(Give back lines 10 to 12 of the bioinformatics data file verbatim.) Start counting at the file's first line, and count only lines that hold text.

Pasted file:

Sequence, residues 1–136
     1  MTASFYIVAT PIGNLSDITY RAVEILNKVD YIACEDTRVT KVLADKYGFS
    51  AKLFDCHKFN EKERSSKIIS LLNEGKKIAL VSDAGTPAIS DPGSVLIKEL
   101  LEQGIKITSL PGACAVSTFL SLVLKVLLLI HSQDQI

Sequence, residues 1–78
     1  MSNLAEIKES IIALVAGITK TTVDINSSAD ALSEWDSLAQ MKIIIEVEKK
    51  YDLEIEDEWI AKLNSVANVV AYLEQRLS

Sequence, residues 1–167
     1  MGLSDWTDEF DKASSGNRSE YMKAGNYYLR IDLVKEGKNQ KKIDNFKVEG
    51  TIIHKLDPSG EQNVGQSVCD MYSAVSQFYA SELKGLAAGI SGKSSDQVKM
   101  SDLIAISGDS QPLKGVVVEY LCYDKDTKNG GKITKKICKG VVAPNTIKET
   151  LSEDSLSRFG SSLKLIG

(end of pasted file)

    51  TIIHKLDPSG EQNVGQSVCD MYSAVSQFYA SELKGLAAGI SGKSSDQVKM
   101  SDLIAISGDS QPLKGVVVEY LCYDKDTKNG GKITKKICKG VVAPNTIKET
   151  LSEDSLSRFG SSLKLIG